Oakland County Prosecutor Karen McDonald is pushing for transparency in the Oxford High Scholl shooting case, saying the public and media should not be locked out of an upcoming hearing involving the teenage suspect's jail status.
"In a case involving a mass shooting such as this, there are hundreds of victims looking to our criminal justice system for accuracy; openness and transparency are critical," McDonald wrote in a court filing this week. "The proceeding should be open to the public and the media."
McDonald is referring to a Feb. 22 hearing that has been set to discuss the incarceration status of 15-year-old shooting suspect Ethan Crumbley, and whether he should be moved out of an adult jail and placed in a juvenile detention center.
Crumbley is currently being held without bond in the Oakland County Jail on terrorism and first-degree murder charges, though his lawyers have argued that he should be moved into a youth detention center, where, they maintain, his needs can be better met.
At issue for the defense is a federal statute that says juveniles housed in adult jails cannot be within "sight" or "sound" of adult inmates, which Crumbley's lawyers say is not possible.
During a pretrial conference Wednesday, Oakland County Circuit Judge Kwame Rowe asked both sides to weigh in on whether the media should be allowed to cover the "entire" hearing, noting "sensitive information" may come out.
Rowe gave both sides a Jan. 25 deadline to file their briefs, legal arguments, on the topic.
The prosecution, which filed its brief on Thursday, has objected to moving Ethan Crumbley to a juvenile center, saying he is a danger to others given his alleged crime. Prosecutors have described the teenager as a depressed, troubled and homicidal teen who allegedly tortured animals, loved guns, hallucinated and was fascinated with Nazi propaganda.
A district court judge concluded that jail is the appropriate place for Ethan Crumbley, though the issue will be raised again in circuit court where the federal statute, known as the Juvenile Justice and Delinquency Prevention Act, will be further examined.
That statute also requires that a court must hold a hearing once every 30 days to review whether placing the minor in an adult facility is in the best interest of justice.
Deborah McKelvy, a guardian ad litem assigned to Crumbley, has said that while she understands "the severity of what occurred," she believes a youth facility is more fitting, where the teen could go to school and get more help with what he's going through.
"I do have concerns for him and his mental and emotional wellbeing," McKelvy has previously argued in court. "The jail is not conducive, not designed for juveniles."
The defense team has urged the courts to consider sending Ethan Crumbley to Children's Village in Pontiac where he could attend school and have "more human services to help him through this."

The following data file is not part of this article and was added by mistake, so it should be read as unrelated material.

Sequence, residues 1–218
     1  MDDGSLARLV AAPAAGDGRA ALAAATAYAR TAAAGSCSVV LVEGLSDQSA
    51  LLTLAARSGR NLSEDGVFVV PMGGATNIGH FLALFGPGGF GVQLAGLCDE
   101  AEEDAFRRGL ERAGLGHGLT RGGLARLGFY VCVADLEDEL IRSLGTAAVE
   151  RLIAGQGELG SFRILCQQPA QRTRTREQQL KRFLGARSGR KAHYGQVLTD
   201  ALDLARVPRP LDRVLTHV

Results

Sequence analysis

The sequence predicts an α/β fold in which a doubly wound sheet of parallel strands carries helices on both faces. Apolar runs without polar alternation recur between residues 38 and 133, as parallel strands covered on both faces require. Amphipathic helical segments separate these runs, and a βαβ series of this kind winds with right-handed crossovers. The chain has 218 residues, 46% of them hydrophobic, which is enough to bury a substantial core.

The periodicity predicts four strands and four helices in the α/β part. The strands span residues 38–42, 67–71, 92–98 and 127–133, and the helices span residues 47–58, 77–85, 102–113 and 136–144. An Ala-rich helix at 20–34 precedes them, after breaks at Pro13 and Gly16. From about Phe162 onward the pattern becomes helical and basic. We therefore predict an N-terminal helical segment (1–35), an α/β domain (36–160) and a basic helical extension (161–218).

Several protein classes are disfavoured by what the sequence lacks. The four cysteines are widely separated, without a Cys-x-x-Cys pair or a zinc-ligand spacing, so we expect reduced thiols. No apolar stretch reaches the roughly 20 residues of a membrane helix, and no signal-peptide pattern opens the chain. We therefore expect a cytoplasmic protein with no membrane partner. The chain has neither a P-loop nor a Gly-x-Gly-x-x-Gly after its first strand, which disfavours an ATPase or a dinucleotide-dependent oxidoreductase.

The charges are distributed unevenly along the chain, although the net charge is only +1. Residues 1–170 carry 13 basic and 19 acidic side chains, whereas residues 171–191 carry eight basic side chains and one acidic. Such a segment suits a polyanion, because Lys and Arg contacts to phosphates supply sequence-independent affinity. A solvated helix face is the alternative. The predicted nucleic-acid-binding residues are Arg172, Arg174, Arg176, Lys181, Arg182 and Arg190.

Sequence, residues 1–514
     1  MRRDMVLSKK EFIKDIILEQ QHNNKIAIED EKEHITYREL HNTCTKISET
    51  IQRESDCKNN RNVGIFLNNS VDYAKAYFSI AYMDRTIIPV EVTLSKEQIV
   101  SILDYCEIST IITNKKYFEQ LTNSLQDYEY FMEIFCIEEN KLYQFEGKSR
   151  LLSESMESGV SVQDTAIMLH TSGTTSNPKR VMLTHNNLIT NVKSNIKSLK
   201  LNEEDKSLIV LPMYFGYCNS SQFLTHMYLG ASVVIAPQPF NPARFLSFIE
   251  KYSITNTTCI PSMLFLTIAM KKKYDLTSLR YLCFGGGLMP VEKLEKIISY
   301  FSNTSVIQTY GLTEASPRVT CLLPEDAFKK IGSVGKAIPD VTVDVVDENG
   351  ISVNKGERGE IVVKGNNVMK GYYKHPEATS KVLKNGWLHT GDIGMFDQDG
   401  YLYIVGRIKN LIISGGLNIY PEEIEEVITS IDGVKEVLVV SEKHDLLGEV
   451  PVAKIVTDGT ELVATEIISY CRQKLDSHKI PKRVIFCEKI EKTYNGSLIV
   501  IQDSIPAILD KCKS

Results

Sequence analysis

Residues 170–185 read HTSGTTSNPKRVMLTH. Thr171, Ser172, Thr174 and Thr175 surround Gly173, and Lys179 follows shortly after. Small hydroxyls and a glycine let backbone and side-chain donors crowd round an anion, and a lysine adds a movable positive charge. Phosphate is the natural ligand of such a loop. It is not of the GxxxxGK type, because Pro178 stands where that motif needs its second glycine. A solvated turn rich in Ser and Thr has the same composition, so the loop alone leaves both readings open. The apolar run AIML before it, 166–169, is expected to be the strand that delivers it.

Crumbley is accused of using a gun that his parents bought him as an early Christmas present to shoot up Oxford High School in a Nov. 30 massacre that left four students dead and seven others injured, including a teacher. He is accused of fatally shooting Hana St. Juliana, 14; Tate Myre, 16; Madisyn Baldwin, 17, and Justin Shilling, 17.
Crumbley's parents, James and Jennifer Crumbley, also have been charged in the case with involuntary manslaughter. Prosecutors allege the Crumbley parents failed to get their depressed son help when he was spiraling out of control, but instead bought him a gun that he "desperately" wanted and failed to keep it properly stored.
The Crumbleys have maintained they are not responsible for the school shooting, that they kept the gun properly stored, and that they had no way of knowing their son would use it to open fire at school.
Separately, a civil lawsuit seeking $100 million has been filed against the school district on behalf of a student who was shot in the neck and survived, and her younger sister who watched it happen.
The lawsuit alleges that the school district put students in harm's way by ignoring signs of a troubled teen who was allowed to return to class after exhibiting troubling behavior in class, both on the day of the shooting and the day before.
According to police and the prosecution, Ethan Crumbley was seen in class browsing for ammunition on his cellphone a day before the massacre. The next day, he was found with a note depicting a semiautomatic handgun with the words, "The thoughts won't stop. Help me," and a sketch of someone bleeding.
His parents were summoned, and a meeting with counselors and their son followed. The parents resisted taking him out of school. He was sent back to class with his backpack, which police said they believe contained the gun used in the deadly shooting.
According to school officials, Ethan Crumbley explained that the drawing of the gun and blood was part of a video game design, and that counselors did not believe he might harm others based on his "behavior, responses and demeanor," so they let him return to class.
Later that day, police said, video cameras from inside the school showed Ethan Crumbley emerge from a bathroom and open fire in a hallway. The shooting lasted for about five minutes before Ethan Crumbley surrendered to law enforcement.
Contact Tresa Baldas: firstname.lastname@example.org
This article originally appeared on Detroit Free Press: Prosecutor: Oxford school shooter's case must remain open to public